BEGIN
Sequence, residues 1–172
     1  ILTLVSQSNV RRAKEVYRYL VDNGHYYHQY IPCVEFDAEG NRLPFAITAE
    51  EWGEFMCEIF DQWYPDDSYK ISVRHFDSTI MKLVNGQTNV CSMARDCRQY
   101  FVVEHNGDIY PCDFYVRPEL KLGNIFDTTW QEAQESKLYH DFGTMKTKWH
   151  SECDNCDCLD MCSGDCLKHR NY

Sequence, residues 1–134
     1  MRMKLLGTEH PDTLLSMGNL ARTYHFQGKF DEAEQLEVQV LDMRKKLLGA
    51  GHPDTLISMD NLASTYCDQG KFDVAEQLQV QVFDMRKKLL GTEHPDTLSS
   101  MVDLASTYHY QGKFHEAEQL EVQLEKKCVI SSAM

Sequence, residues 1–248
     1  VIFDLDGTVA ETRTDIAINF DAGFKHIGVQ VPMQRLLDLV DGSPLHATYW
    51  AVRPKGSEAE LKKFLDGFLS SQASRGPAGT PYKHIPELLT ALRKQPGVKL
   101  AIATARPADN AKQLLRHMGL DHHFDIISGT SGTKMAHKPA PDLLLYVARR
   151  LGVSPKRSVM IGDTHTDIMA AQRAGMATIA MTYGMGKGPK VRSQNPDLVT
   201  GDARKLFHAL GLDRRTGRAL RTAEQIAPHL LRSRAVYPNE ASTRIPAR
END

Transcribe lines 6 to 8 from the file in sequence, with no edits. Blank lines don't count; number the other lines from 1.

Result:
Sequence, residues 1–134
     1  MRMKLLGTEH PDTLLSMGNL ARTYHFQGKF DEAEQLEVQV LDMRKKLLGA
    51  GHPDTLISMD NLASTYCDQG KFDVAEQLQV QVFDMRKKLL GTEHPDTLSS